I Just Need Friends
His name is Ray. He lives 10 miles from my house on the back road to my favorite lake. It is the first house just past the two-story farmhouse with the red barn. Ray told me eight months ago he had cancer. It started with discomfort in the abdomen, followed by scans and testing with lots of pokes and jabs. This was followed by surgery and now chemotherapy. Many of you know the routine—you have personally experienced it or someone close to you has been on this journey.
I call Ray regularly when I am traveling and stop by to visit when I can. A couple of weeks ago, I was sitting in Ray’s living room, catching up on life. We talked about baseball, the NBA playoffs and the upcoming Stanley Cup. He is an avid sports fan and can tell you names of players and the year and month they made a spectacular play. He is also a walking GPS regarding routes to take through some of the most beautiful wilderness country in the western United States.
Our conversation turned to his chemo treatments, nausea, appetite and medical-related topics. We prayed together and walked out on the porch and stood talking about his yard and spring flowers. Ray looked me in the eyes and said, “Thanks for coming by. It’s good to have people to talk to and try to keep life as normal as possible. I appreciate it a lot.”
Rays remark reminded me of a story I read a few years back. This time the cancer-stricken girl was a seventh grader named Nikki. Nikki was a popular girl—a cheerleader, lots of friends and always in the middle of school activities.
The chemo treatments caused her hair to fall out. Nikki started wearing a wig to school, but some of the kids were not too understanding and for some, her condition made them feel awkward. Frequently, her wig was laughingly pulled off and dropped on the floor. When she sat down at a lunch table, some of the kids glanced quickly at her, not sure what to say. So as kids do, they jumped to their feet, leaving their half-eaten pizza and Niki sitting alone. The students with lockers next to Nikki’s moved their books and belongings into their friend’s lockers, as if she had a contagious disease.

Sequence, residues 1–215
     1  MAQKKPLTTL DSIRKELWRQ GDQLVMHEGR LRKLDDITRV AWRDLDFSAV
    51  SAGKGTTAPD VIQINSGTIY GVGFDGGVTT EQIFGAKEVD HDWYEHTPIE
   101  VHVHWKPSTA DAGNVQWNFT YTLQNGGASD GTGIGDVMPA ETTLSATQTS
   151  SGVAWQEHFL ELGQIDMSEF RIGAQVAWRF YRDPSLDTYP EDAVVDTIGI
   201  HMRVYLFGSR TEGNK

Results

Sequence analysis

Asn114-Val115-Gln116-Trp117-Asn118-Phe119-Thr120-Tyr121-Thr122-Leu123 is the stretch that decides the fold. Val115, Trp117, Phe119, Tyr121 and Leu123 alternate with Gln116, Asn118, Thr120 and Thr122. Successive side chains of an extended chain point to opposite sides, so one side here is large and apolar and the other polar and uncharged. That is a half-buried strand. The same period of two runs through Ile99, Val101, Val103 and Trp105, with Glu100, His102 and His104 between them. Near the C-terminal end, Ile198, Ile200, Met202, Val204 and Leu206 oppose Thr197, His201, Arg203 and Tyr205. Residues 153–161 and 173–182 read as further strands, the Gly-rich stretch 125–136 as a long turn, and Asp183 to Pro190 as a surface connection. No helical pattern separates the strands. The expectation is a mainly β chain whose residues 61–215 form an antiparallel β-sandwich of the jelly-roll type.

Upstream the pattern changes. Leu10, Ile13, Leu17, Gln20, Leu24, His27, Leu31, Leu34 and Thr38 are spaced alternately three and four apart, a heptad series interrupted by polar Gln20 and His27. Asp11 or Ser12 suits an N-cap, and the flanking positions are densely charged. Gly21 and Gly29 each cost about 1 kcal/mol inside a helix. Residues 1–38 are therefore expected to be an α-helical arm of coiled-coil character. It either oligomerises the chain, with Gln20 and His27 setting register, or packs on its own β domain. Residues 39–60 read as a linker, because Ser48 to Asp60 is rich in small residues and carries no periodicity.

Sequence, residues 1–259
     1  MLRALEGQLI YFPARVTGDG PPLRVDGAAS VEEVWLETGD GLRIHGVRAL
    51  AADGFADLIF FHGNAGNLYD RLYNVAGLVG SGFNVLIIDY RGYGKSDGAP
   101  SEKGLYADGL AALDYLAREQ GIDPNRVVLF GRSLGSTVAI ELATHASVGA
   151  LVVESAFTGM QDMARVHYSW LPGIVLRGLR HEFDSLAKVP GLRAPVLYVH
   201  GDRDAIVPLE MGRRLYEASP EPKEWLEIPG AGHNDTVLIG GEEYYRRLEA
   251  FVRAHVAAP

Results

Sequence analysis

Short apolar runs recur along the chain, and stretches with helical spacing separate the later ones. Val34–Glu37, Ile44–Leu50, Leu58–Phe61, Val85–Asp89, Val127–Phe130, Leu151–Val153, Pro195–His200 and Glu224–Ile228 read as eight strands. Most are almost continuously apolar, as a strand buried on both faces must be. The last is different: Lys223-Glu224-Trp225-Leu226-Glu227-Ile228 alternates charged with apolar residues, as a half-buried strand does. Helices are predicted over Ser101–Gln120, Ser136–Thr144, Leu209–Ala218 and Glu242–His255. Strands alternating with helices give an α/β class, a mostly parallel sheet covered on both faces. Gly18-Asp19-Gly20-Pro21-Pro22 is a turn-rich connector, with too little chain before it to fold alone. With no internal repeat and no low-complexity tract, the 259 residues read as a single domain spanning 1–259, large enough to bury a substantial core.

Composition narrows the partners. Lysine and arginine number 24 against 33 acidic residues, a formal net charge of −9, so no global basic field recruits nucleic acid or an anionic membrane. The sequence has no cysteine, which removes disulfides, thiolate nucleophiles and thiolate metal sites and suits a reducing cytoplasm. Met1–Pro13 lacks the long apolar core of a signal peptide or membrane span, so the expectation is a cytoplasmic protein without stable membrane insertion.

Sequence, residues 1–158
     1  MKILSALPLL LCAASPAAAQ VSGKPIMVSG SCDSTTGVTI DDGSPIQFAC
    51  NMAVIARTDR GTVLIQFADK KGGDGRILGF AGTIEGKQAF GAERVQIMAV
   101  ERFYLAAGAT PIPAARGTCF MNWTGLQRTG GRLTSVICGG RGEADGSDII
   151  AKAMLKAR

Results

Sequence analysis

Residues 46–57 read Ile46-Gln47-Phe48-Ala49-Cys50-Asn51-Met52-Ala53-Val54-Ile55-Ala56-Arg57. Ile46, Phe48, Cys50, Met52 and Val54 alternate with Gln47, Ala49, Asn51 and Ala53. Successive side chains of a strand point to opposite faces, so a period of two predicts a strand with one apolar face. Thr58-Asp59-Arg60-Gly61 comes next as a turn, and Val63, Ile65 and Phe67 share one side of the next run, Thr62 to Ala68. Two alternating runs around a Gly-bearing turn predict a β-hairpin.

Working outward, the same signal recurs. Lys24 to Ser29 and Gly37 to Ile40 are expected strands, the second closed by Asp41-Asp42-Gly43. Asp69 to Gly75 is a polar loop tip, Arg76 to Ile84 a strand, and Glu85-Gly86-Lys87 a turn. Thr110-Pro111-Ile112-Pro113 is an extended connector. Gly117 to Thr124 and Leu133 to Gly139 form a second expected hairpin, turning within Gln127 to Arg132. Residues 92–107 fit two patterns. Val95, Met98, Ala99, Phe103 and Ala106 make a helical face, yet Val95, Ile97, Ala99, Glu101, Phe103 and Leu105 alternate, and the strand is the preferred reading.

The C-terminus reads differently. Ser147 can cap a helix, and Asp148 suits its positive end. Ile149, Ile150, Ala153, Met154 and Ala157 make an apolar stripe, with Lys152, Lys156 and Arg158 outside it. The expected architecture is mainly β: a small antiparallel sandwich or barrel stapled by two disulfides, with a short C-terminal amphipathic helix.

Nikki told her mom and dad that the hardest part of her leukemia routine was her friends and classmates' awkwardness around her. She simply wanted the kids to treat her as they did before the cancer. Mom and dad told Nikki she could stay home if she chose. Nikki thought about it over a weekend and then woke up Monday morning and told her parents she was going to try something different that day.
As dad dropped Nikki off at school, she reached up and pulled her wig from her head and dropped it into the car seat. She gave her dad a hug and kiss and said, “Pray for me.” Dad’s response was, “I am praying!” Followed by, “That’s my girl!”
A miracle happened that day. Nikki walked through the playground, down the school hallway and no one teased or made fun of the little girl with the enormous courage.
We all know someone who is struggling with the death of a friend or relative; or suffering with a disease; or some other life-changing difficulty. Why not give them a call, send them a card or stop by and visit? It might feel a bit awkward to you at first, but remember, they need you, and you need them too.
“…there is a friend who sticks closer than a brother.” (And sister, too!) —Proverbs 18:24
“…inasmuch as you did it to one of the least of these My brethren, you did it to Me.” —Matthew 25:40